issues ago we summarized a study from Sports Medicine that
advocated weightbearing exercise (walking, running, step aerobics,
etc.) for bone strength. (See "Maintain Strong Bones
with Exercise" in the Sept. 1999 To Your Health.) Now
comes another study, this time from Medicine & Science in
Sports & Exercise, that discusses the impact of resistance
training on bone strength.
The authors in this study reviewed 10 years of literature
on exercise and bone mineral density (BMD), paying particular
attention to potential differences in type of exercise (weightbearing,
aerobic, or resistance) and the relationship of each to BMD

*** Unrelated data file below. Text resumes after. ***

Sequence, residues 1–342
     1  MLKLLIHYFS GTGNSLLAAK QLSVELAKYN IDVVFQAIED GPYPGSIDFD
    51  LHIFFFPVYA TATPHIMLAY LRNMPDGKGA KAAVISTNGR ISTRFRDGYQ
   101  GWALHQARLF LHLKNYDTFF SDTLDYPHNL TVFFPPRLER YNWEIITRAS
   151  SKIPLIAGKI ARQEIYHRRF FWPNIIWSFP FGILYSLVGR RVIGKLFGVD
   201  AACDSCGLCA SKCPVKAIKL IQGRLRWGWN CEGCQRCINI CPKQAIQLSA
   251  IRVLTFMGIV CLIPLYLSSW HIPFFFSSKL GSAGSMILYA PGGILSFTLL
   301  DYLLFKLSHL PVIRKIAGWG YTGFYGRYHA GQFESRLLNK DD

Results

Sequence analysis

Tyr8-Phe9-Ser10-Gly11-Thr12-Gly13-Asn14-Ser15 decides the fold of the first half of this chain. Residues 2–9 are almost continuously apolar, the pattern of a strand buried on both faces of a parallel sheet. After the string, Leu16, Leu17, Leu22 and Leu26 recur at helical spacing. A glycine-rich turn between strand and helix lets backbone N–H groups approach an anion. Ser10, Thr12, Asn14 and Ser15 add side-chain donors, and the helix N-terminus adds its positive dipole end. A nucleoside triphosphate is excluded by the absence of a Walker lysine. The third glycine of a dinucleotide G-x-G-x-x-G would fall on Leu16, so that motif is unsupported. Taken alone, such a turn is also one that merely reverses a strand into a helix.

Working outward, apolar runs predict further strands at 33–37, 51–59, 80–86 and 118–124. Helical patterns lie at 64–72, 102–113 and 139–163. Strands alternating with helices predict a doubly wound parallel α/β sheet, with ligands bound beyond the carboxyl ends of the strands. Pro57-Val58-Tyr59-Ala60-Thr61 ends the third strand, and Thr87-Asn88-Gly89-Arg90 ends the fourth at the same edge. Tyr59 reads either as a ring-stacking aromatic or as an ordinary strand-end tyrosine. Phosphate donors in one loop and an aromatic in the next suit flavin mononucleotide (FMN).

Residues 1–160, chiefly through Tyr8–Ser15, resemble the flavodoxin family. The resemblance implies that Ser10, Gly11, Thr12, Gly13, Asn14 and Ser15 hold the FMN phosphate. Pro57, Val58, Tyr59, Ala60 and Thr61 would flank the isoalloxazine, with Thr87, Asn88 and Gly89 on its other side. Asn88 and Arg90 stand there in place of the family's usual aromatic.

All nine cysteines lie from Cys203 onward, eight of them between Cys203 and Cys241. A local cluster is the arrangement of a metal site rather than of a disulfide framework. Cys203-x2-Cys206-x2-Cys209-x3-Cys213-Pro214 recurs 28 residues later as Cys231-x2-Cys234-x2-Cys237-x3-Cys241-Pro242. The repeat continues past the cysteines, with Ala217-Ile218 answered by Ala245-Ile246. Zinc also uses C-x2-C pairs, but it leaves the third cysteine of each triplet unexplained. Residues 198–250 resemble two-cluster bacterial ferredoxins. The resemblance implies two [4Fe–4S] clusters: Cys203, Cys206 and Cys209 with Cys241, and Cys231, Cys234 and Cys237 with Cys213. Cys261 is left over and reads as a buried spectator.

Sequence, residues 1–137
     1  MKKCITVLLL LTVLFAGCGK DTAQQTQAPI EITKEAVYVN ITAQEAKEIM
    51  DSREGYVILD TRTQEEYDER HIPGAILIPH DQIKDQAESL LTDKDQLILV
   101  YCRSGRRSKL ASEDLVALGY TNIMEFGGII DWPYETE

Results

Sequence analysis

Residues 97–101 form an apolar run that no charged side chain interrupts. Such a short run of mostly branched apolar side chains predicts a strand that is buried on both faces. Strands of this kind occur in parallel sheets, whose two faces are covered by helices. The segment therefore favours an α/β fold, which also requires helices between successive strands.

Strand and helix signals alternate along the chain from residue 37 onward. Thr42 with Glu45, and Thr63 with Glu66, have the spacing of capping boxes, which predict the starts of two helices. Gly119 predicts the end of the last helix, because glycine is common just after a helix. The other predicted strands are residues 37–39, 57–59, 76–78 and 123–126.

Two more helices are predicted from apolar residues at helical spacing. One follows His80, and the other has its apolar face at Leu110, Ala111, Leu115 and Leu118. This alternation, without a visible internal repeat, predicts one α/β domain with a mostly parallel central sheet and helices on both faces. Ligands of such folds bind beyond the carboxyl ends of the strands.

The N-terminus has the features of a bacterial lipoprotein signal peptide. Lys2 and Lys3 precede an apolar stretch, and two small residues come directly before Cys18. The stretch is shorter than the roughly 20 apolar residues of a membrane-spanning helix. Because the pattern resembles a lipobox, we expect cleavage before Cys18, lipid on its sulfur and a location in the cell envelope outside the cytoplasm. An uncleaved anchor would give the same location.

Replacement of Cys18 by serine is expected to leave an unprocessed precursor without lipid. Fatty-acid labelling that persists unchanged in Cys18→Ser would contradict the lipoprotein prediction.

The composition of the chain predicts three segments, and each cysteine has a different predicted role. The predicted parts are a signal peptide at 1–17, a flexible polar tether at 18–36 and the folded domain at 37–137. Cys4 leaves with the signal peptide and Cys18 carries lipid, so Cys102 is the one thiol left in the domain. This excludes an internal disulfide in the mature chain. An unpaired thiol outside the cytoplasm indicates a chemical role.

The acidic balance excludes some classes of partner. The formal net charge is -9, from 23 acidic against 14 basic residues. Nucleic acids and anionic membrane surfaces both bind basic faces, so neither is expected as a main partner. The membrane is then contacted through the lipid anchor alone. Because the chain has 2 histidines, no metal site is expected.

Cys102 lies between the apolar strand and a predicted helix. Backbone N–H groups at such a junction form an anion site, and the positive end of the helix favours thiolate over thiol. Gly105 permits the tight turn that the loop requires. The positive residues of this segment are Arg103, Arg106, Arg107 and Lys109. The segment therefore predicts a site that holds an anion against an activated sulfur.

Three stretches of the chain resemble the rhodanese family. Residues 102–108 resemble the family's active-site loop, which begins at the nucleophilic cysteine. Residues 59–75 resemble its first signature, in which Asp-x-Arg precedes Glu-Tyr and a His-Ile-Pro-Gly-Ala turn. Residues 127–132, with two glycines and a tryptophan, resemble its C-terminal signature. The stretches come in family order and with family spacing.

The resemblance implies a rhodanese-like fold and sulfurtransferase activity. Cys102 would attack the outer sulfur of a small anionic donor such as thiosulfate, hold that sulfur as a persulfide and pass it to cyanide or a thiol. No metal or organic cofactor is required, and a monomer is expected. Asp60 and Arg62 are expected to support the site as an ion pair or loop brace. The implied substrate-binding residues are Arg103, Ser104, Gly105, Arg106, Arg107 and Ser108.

The research reviewed suggested that exercise positively
affects BMD in young and older adults, with the effects being
specific to the muscles worked and the bones to which they
attach. The authors also noted that "although aerobic
exercise and weightbearing physical activity are important...
resistance training seems to have a more potent impact on
Resistance training is just about any exercise in which the
muscles are forced to resist against an opposing force ‹ i.e.,
exercises involving free weights or weight machines, often
with progression (increasing the resistance each set). Your
chiropractor can tell you more about resistance training and
outline an exercise routine appropriate to your needs.
Layne JE, Nelson ME. The effects of progressive resistance
training on bone density: a review. Medicine & Science
in Sports & Exercise, 1999: Vol. 31, No. 1, pp25-30.